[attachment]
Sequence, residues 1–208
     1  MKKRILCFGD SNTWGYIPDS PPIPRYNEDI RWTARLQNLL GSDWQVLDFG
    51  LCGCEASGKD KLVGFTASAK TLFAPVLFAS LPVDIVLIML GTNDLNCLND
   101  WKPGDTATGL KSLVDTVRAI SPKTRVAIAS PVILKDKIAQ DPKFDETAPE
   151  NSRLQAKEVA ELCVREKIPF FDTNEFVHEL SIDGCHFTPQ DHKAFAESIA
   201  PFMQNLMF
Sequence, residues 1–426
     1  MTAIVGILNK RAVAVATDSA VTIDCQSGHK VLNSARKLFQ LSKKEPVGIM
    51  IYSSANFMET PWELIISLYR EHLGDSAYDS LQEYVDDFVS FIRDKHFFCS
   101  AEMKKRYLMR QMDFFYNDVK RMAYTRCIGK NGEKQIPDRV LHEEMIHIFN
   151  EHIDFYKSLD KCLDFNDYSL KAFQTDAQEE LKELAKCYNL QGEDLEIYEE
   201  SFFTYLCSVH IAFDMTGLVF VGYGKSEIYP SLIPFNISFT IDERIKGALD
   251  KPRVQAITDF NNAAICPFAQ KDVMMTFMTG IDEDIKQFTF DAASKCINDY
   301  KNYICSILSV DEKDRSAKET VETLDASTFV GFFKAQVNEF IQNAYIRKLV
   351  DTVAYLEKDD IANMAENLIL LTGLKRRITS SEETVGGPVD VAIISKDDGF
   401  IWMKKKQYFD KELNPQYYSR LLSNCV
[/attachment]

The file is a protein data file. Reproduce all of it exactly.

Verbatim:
Sequence, residues 1–208
     1  MKKRILCFGD SNTWGYIPDS PPIPRYNEDI RWTARLQNLL GSDWQVLDFG
    51  LCGCEASGKD KLVGFTASAK TLFAPVLFAS LPVDIVLIML GTNDLNCLND
   101  WKPGDTATGL KSLVDTVRAI SPKTRVAIAS PVILKDKIAQ DPKFDETAPE
   151  NSRLQAKEVA ELCVREKIPF FDTNEFVHEL SIDGCHFTPQ DHKAFAESIA
   201  PFMQNLMF
Sequence, residues 1–426
     1  MTAIVGILNK RAVAVATDSA VTIDCQSGHK VLNSARKLFQ LSKKEPVGIM
    51  IYSSANFMET PWELIISLYR EHLGDSAYDS LQEYVDDFVS FIRDKHFFCS
   101  AEMKKRYLMR QMDFFYNDVK RMAYTRCIGK NGEKQIPDRV LHEEMIHIFN
   151  EHIDFYKSLD KCLDFNDYSL KAFQTDAQEE LKELAKCYNL QGEDLEIYEE
   201  SFFTYLCSVH IAFDMTGLVF VGYGKSEIYP SLIPFNISFT IDERIKGALD
   251  KPRVQAITDF NNAAICPFAQ KDVMMTFMTG IDEDIKQFTF DAASKCINDY
   301  KNYICSILSV DEKDRSAKET VETLDASTFV GFFKAQVNEF IQNAYIRKLV
   351  DTVAYLEKDD IANMAENLIL LTGLKRRITS SEETVGGPVD VAIISKDDGF
   401  IWMKKKQYFD KELNPQYYSR LLSNCV